Towards a European Defence Union? Military Burden Sharing in the European Union 2006-2013Journal: Athens Journal of Social Sciences (Vol.4, No. 2)
Publication Date: 2017-04-01
Authors : Robert Beeres; Myriame Bollen;
Page : 147-160
Keywords : burden sharing; European defence; military expenditures;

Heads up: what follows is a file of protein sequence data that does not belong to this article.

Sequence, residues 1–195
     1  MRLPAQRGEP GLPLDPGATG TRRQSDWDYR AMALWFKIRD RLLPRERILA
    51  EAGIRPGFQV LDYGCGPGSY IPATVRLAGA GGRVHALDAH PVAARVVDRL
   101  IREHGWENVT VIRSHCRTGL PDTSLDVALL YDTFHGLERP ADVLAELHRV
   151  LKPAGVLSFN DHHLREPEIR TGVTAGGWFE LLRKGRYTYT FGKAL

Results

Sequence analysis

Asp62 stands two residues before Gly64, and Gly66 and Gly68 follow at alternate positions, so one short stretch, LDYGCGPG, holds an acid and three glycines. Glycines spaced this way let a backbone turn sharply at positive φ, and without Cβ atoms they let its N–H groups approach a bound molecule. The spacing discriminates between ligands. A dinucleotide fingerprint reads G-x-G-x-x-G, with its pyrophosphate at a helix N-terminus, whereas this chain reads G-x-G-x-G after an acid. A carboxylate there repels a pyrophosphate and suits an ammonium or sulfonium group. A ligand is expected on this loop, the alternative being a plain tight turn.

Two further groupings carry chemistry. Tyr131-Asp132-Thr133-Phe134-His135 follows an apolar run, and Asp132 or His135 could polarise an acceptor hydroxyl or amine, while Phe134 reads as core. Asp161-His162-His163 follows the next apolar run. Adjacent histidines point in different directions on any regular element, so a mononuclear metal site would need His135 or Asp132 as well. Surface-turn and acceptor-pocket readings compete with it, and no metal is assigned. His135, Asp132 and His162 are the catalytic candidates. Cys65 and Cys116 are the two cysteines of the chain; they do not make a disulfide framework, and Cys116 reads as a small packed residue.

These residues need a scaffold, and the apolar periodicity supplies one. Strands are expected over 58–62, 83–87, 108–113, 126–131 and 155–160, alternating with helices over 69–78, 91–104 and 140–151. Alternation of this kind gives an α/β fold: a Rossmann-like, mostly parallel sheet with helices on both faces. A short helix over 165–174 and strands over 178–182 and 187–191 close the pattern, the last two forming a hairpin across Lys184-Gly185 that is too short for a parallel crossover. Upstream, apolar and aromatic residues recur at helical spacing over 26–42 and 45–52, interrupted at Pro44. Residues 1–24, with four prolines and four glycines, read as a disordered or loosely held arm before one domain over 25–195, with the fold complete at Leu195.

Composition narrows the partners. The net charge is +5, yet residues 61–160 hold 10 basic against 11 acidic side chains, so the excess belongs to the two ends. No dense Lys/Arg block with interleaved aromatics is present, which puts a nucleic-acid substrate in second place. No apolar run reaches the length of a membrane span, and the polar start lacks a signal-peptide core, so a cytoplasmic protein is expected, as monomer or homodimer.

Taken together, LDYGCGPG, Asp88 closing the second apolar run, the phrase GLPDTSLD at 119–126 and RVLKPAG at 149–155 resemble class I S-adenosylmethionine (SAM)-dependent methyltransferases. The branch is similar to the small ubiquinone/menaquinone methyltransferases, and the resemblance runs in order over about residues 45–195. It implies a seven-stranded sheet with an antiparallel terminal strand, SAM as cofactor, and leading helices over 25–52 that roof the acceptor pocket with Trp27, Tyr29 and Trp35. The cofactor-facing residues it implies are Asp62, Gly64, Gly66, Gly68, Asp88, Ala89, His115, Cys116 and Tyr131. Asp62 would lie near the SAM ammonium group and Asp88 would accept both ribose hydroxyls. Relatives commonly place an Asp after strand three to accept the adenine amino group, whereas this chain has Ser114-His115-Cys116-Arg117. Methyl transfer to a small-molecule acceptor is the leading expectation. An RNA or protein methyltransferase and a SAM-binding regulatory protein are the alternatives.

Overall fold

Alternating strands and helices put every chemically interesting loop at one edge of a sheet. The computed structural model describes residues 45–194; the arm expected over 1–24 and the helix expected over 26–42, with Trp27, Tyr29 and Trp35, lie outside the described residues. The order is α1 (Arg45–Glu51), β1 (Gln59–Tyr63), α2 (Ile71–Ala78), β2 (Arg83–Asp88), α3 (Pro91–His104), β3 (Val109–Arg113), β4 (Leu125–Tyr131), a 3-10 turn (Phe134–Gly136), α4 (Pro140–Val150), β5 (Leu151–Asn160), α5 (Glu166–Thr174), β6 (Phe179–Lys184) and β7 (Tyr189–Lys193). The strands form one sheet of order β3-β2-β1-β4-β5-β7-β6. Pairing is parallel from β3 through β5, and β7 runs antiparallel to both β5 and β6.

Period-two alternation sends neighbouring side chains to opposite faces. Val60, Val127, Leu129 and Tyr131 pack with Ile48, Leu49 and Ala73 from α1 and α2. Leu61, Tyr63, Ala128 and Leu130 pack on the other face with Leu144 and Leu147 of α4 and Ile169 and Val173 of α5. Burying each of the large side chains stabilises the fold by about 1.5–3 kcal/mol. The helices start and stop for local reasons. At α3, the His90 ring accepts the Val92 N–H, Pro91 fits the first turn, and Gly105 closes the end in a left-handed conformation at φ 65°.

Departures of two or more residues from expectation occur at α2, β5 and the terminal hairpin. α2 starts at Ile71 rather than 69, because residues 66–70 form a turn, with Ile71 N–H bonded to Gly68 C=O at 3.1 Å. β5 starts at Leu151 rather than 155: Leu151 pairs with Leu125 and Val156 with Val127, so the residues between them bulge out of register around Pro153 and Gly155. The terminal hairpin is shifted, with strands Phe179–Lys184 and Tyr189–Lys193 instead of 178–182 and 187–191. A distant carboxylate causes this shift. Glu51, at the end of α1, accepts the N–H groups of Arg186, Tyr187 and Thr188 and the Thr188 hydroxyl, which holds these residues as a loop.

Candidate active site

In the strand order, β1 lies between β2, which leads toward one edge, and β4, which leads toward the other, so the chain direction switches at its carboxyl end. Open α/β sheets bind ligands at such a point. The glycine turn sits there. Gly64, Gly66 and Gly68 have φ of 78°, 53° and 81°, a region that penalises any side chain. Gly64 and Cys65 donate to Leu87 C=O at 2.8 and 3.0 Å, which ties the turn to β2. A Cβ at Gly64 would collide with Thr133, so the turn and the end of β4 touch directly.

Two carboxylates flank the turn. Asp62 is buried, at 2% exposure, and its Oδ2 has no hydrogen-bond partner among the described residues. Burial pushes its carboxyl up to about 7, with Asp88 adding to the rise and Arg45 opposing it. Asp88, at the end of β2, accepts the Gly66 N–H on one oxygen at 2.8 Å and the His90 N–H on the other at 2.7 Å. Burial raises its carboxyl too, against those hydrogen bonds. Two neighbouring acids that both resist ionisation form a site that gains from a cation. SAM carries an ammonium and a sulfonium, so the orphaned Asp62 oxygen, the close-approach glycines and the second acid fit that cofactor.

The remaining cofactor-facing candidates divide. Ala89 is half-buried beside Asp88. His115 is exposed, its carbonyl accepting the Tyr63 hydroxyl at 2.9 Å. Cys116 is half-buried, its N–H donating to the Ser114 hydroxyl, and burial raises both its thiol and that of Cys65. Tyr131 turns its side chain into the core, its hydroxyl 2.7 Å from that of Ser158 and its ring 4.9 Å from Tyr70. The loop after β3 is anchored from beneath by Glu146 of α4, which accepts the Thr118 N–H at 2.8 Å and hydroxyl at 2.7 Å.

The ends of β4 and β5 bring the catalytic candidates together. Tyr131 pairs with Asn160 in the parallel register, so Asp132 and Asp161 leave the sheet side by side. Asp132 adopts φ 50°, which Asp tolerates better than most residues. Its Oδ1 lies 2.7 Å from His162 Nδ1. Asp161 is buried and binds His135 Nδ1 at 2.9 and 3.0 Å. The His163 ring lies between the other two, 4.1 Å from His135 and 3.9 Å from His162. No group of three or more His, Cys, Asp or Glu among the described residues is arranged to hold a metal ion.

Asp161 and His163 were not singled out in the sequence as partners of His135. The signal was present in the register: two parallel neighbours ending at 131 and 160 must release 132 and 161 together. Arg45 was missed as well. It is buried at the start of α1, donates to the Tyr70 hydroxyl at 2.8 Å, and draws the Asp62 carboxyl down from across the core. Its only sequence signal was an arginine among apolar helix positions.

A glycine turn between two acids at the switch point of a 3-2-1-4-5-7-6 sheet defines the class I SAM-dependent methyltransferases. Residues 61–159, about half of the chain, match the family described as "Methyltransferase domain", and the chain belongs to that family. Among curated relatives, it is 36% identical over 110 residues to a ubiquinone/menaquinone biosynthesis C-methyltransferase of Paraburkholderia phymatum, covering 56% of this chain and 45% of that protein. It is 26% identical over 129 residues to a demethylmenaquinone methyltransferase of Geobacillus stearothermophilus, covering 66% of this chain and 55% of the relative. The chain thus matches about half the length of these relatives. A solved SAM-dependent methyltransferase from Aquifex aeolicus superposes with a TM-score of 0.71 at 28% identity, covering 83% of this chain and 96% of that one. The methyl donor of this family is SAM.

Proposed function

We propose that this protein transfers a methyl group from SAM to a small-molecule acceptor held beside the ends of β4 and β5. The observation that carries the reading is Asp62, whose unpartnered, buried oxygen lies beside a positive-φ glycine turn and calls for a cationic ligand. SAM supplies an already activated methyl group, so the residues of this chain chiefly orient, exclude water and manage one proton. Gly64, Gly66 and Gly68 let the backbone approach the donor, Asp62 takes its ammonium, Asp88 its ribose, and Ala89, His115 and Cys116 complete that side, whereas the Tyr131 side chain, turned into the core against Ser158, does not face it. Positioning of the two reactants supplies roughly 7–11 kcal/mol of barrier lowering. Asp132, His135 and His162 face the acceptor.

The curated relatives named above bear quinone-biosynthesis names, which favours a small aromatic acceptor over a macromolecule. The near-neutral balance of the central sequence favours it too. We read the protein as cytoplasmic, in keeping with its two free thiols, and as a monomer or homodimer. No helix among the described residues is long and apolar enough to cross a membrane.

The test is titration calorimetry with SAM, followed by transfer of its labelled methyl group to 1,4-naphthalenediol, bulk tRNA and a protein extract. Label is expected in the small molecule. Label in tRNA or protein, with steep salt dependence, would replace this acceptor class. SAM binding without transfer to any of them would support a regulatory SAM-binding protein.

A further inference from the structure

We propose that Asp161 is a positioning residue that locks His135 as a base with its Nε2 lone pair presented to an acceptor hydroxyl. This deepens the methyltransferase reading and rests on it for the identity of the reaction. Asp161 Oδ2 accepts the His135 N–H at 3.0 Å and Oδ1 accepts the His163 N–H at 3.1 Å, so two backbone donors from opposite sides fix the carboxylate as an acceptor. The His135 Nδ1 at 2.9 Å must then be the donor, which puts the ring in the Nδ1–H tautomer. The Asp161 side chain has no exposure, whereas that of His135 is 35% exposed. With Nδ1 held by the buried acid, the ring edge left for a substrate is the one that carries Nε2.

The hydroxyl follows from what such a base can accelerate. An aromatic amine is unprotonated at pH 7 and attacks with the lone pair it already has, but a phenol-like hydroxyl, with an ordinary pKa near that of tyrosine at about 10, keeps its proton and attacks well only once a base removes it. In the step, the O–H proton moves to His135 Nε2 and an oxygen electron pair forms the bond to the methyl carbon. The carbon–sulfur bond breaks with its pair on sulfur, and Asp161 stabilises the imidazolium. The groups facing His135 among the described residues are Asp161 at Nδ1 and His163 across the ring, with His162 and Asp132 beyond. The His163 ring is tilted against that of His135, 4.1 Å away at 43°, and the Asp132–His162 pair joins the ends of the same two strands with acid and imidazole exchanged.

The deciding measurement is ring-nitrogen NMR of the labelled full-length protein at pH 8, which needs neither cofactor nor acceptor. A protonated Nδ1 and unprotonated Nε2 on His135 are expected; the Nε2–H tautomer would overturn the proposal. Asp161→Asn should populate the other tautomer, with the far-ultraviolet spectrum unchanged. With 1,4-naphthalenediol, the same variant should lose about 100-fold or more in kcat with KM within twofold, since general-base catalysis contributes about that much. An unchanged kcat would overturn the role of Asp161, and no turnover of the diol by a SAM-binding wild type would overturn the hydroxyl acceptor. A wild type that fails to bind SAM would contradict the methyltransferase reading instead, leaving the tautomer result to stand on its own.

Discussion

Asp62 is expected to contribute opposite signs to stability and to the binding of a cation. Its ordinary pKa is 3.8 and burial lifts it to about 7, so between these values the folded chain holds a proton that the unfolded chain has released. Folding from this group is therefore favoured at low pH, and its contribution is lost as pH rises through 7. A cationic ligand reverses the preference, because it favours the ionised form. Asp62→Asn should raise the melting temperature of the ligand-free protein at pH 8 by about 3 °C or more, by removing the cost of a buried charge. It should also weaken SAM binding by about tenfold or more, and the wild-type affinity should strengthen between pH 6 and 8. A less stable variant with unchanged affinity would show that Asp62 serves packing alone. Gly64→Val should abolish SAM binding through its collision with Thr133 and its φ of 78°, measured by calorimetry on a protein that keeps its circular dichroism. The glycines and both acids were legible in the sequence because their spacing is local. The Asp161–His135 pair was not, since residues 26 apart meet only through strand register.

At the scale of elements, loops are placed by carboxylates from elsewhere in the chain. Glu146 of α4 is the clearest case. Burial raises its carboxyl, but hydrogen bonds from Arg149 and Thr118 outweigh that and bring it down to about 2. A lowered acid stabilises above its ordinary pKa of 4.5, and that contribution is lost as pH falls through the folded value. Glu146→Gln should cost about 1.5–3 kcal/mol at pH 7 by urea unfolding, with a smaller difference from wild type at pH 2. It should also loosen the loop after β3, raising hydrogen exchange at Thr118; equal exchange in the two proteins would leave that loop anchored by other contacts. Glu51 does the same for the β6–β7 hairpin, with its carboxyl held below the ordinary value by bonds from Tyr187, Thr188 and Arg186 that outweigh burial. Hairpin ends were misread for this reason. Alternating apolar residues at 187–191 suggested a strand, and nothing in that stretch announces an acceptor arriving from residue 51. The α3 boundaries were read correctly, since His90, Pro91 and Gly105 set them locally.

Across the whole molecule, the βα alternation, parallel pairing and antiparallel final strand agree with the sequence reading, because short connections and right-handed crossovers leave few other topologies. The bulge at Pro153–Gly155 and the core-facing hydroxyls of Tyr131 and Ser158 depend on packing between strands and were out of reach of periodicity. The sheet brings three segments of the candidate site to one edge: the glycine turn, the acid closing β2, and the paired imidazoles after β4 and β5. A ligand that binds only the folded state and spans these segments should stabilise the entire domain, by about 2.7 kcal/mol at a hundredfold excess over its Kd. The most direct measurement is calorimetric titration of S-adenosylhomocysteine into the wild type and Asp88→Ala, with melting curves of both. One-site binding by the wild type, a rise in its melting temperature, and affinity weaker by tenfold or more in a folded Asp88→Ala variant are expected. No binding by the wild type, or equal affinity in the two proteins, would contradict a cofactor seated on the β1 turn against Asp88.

According to the European Council (2013), "Defence matters". However, the extent to which defence does matter appears to vary among the member states. Kollias (2008), analyzing burden sharing and free-riding behaviour of fifteen members of the European Union (EU15) over the year 2001, asks: Suppose the EU15 would create a formal military alliance offering an umbrella of collective defence and security, what member states would be considered over-contributing or under-contributing in providing collective defence and security? Kollias concludes, out of all EU15 members, France, Greece, Italy and the UK would be over-contributing regarding the costs they occur in producing collective military strength if a common European defence came into existence. All other EU countries would be under-contributing compared to the benefits they would enjoy. Our paper aims to revisit Kollias' analysis and to find out, if, nowadays, EU member states would have moved towards each other in the provision of EU-wide defence and security and whether the same would hold regarding the distribution of costs and benefits. We find that over the period 2006-2013 change has occurred. Over this timespan, if united in EDU, Greece would have been considered an under-contributing country, while Germany would count as an over-contributing country.
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